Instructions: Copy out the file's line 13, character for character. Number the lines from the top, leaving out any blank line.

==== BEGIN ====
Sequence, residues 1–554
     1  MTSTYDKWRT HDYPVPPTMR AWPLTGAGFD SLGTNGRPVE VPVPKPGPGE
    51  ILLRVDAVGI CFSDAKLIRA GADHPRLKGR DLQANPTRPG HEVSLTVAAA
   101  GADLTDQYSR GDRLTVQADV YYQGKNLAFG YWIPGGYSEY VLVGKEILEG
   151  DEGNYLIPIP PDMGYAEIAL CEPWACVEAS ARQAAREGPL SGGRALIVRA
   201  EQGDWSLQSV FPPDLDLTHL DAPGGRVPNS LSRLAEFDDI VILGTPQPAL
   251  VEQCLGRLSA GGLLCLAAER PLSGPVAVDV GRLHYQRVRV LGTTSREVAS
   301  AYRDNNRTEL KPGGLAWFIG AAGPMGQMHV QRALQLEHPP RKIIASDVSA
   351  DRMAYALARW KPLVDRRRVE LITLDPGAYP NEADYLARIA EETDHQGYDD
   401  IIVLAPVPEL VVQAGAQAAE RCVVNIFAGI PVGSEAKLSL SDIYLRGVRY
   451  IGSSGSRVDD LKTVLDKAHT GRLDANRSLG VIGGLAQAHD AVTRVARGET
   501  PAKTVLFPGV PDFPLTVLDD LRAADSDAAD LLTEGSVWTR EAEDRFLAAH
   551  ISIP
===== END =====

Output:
   551  ISIP